3. Updated and Clean Resume: Does your resume say hire me or does it have silly typos? Can you be more specific, add numbers or give it a cleaner look? What types of experience (internships) do you need on your resume for that job? Don’t be afraid to have your resume looked over by multiple people such as the career services on campus or at your library, your parents and even friends! We all know the resume is essential in getting that dream job, so work on it and give it lots of love!
  4. Utilize Social Media:Create a professional-brand on the internet The internet and social media allows us students to bypass the traditional system and get ourselves directly out there in the virtual world! More importantly, recruiters are increasingly utilizing the internet as a source for finding talent and employers often do a google search on potential employees. It is important, especially in an increasingly competitive job market, to be aware and control what they see in that google search. So what should you do?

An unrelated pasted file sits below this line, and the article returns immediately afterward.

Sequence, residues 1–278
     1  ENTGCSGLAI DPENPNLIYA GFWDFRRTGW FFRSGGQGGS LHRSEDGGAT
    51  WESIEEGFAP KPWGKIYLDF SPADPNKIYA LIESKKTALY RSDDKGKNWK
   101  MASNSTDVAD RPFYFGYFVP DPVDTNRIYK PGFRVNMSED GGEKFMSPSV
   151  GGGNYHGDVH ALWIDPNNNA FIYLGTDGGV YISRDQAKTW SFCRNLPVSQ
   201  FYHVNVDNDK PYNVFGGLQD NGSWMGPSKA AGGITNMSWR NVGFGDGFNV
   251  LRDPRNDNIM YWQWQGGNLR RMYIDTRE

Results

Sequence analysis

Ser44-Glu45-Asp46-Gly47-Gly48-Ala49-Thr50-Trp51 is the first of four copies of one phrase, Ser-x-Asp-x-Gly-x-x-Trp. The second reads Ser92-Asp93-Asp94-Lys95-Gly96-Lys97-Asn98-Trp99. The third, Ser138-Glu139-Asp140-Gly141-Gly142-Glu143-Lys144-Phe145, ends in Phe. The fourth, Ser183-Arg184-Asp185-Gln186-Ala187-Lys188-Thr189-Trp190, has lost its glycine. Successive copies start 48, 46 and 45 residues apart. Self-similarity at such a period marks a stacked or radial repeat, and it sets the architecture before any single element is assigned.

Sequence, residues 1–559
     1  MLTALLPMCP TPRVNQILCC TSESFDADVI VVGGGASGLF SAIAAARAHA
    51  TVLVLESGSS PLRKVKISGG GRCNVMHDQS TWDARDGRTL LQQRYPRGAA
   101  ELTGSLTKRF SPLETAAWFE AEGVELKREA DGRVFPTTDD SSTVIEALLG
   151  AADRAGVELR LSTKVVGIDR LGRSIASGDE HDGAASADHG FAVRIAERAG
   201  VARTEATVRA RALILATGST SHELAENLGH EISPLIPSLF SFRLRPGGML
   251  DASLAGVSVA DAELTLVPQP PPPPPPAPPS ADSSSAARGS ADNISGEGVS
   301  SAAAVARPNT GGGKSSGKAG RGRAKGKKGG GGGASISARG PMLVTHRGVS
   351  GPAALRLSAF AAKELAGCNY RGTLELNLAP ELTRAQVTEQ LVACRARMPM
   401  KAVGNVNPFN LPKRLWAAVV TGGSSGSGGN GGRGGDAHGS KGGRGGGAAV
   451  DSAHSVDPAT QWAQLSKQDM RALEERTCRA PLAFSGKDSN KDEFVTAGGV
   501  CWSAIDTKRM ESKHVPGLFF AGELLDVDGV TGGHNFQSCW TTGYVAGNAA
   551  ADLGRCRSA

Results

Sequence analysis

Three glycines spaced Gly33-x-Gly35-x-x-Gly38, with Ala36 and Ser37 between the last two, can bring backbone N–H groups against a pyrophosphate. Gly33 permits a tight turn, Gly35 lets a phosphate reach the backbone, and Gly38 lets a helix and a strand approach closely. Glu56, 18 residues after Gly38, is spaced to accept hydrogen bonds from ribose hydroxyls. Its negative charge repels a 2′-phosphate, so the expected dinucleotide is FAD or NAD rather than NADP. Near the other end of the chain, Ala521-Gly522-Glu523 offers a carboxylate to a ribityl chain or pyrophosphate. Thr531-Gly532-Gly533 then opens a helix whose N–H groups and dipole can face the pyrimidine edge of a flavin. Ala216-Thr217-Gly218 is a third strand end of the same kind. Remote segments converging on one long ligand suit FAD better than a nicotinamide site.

• Google+ profile- If you have a google+ profile, it is guaranteed to come up as the first result first whenever you are googled. Therefore, it is to your advantage to have a great professional profile with your resume. In addition, google profile can also allow your personality to come through which is harder to get across on linkedin.
    • Linkiden! Linkedin is a professional social networking site which allows you to connect with fellow professionals and professional associations, post your resume and skill set. In order to get your linkedin account to show in the top ten google results, you must be active! This means at least posting to a group or extending you network at least once every week! Dr. Woody has a great article for why you need Linkedin: http://www.foxbusiness.com/personal-finance/2011/10/31/why-should-have-linkedin-profile